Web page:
Lugosi plays a scientist that goes mad. Initially, he was creating wacky inventions that could be used for evil but instead of selling them to the highest bidder, he decided to take over the world himself.
One of the inventions was an eight foot tall robot. Another invention is an invisibility belt. He was also able to overcome his enemies with mechanical spiders that would hold them in a sort of suspended animation. The secret to the power of Lugosi’s Dr. Zorka is that it comes from a mysterious meteorite.
Rightfully, the serial was lampooned in a few episodes of the second season of Mystery Science Theater 3000.
The Phantom Creeps is a serial that is beyond cheesy. It feels dated, even for 1939. The special effects are awful and the plot is mostly a nonsensical mess. Also, it uses a lot of stock footage that just doesn’t flow with the scenes that are shot. At least the giant robot was kind of cool.
George Lucas may have been inspired by this serial though, as it is not only called The Phantom Creeps but its first episode is called The Menacing Power. The Phantom Menace, anyone? Additionally, Universal wanted to get rid of the recap segments that started their serials, so this one features a text crawl introduction that is very similar to what George Lucas used to start all of his Star Wars films.
The Phantom Creeps also had some influence on musician and filmmaker Rob Zombie, whose song “Meet the Creeper” is based on the film. Also, he has used several different robots and props, designed as homages to this film, in multiple music videos and live shows. In his animated film, The Haunted World of El Superbeasto, the character of Murray the Robot is also based on Lugosi’s robot.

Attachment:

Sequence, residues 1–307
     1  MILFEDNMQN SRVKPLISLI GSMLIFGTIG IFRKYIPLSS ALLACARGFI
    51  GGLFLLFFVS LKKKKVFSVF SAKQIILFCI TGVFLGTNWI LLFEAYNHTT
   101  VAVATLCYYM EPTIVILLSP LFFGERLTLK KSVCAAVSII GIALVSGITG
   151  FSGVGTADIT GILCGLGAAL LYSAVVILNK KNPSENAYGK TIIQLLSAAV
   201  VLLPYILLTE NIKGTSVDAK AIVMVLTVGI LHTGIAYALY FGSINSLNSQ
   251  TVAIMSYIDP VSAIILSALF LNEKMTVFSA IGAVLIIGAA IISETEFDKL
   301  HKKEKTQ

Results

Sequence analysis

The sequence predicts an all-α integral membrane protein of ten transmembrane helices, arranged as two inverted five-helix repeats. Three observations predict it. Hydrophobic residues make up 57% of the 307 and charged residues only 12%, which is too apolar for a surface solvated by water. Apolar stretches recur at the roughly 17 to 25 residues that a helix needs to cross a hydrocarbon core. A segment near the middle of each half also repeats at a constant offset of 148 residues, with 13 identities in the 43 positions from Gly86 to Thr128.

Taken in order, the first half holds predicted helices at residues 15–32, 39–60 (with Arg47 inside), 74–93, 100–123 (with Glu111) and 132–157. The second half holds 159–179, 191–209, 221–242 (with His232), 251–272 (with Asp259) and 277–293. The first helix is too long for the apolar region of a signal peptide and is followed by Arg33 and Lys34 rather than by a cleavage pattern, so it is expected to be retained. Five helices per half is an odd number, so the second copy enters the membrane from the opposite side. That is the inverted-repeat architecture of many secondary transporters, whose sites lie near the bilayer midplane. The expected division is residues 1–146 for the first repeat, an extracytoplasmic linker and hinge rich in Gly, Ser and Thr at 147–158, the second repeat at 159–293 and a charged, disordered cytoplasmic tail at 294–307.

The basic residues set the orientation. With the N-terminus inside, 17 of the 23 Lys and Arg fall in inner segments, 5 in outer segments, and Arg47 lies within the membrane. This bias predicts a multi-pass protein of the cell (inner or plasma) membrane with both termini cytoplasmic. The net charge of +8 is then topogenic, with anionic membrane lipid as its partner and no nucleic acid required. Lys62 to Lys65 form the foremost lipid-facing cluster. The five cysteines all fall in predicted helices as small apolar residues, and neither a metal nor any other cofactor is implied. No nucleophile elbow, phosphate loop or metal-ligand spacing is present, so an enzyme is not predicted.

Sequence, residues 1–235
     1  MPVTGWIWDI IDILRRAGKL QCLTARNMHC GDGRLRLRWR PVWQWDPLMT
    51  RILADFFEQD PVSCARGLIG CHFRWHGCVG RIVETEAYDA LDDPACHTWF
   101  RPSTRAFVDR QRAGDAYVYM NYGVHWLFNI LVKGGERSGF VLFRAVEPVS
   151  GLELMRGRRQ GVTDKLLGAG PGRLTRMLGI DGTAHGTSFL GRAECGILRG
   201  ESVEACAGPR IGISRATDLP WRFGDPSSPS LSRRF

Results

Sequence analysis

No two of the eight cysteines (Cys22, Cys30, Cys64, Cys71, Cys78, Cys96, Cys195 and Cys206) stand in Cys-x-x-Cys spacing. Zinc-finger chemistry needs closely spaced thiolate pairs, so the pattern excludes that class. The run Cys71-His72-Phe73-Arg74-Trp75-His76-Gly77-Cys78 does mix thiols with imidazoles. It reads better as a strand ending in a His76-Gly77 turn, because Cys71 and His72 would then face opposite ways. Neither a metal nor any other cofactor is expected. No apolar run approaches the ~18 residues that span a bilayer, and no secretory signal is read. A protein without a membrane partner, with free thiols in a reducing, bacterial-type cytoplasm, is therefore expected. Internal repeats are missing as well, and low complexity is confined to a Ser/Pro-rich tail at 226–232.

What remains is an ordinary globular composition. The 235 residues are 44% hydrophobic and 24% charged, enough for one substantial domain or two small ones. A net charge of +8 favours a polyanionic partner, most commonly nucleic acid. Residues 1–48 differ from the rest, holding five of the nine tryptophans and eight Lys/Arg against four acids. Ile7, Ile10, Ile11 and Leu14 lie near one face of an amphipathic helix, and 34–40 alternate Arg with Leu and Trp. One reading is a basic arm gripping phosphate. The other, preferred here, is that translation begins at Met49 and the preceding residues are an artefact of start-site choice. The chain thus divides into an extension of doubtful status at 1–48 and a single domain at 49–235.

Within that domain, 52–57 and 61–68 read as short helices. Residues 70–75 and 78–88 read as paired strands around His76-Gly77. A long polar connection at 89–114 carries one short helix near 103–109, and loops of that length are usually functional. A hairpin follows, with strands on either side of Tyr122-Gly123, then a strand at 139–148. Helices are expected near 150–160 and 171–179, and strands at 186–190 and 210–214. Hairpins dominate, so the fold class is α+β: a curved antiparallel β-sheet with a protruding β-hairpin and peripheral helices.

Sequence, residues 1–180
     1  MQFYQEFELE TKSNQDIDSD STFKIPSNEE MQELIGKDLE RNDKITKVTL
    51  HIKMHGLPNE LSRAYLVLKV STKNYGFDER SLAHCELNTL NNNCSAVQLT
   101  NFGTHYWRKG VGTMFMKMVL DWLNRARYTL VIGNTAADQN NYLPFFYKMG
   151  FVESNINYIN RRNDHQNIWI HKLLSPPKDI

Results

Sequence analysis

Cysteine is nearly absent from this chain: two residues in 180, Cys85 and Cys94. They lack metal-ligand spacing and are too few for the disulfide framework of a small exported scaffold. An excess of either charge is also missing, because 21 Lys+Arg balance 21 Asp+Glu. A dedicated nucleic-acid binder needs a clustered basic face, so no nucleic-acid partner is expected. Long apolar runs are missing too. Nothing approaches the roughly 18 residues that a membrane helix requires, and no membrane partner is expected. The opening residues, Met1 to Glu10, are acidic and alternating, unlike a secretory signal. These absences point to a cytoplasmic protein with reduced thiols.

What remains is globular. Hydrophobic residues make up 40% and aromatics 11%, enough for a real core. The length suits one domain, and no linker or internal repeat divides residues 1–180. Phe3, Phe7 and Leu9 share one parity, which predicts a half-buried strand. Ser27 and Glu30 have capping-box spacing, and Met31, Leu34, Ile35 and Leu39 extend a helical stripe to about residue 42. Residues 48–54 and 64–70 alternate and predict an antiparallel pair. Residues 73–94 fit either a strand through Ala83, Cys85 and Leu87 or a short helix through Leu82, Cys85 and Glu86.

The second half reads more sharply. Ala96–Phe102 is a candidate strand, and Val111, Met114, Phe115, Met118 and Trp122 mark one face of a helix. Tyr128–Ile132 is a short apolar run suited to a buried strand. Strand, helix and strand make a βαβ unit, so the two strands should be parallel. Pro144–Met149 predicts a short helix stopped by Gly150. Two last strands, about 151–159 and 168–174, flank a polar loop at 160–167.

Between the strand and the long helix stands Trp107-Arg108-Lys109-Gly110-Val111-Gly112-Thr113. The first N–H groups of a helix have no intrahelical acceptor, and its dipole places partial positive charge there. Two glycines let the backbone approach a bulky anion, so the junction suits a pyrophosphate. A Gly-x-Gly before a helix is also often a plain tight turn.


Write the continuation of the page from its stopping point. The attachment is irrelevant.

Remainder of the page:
While The Phantom Creeps is far from great, it has left a lasting legacy throughout pop culture.
Nightmare of Ecstasy is the book that inspired the great Tim Burton film Ed Wood. If you are a fan of that film or just an aficionado of Edward D. Wood Jr.’s work, this is certainly a must read.
The book obviously goes more in depth with the life and work of Ed Wood. While the film covers the time from when Wood made Glen or Glenda?, Bride of the Monster and his most famous work Plan 9 From Outer Space, the book takes a look at his entire life. It nicely bookends the film with Wood’s backstory as well as everything that happened after Plan 9.
The book isn’t written like a typical biography. It is comprised of quotes from Wood’s friends, colleagues and family. The quotes are organized into chapters specific to certain points or projects in Wood’s life.
Nightmare of Ecstasy isn’t just Ed Wood’s story, however. The book is the tale of all of those interesting characters he had around him. It shines a light on his collaborators and really gives them life and something more intimate to connect to than the Ed Wood biopic. It gives intimate looks into the lives of Bela Lugosi, Criswell and a slew of others.
Most importantly, it gives personal accounts of Wood’s passion and what he was like behind the scenes. It talks about the creation of his movies, more in depth than the Burton film and it also showcases letters written by Wood to several of his friends and professional colleagues.
Nightmare of Ecstasy is a fun and entertaining read, especially for fans of Ed Wood or filmmaking in general.
Release Date: September 23rd, 1994 (New York Film Festival) Directed by: Tim Burton Written by: Scott Alexander, Larry Karaszewski Based on:Nightmare of Ecstasy by Rudolph Grey Music by: Howard Shore Cast: Johnny Depp, Martin Landau, Sarah Jessica Parker, Patricia Arquette, Jeffrey Jones, Bill Murray, Lisa Marie, Max Casella, George “The Animal” Steele, Juliet Landau, Ned Bellamy, Mike Starr, Vincent D’Onofrio, Korla Pandit, G.D. Spradlin, Carmen Filpi
Touchstone Pictures, Buena Vista Pictures Distribution, 127 Minutes
“Visions are worth fighting for. Why spend your life making someone else’s dreams?” – Orson Welles